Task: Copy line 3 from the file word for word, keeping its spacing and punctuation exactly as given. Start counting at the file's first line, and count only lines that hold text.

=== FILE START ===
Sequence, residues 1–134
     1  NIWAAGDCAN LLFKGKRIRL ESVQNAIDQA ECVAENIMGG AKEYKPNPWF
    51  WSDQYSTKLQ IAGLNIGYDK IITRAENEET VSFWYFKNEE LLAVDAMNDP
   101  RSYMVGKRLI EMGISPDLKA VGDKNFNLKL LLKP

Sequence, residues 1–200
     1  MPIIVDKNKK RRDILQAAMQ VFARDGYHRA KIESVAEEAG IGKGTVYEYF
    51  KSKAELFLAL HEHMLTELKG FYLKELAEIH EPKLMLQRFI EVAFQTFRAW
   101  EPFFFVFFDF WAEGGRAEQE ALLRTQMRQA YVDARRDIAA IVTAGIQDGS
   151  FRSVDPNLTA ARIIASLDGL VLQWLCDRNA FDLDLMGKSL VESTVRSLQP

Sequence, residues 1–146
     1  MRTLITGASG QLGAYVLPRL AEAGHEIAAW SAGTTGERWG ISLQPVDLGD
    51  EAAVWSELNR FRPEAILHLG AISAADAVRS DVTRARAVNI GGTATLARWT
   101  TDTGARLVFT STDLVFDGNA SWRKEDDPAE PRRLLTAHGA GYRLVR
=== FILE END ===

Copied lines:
    51  WSDQYSTKLQ IAGLNIGYDK IITRAENEET VSFWYFKNEE LLAVDAMNDP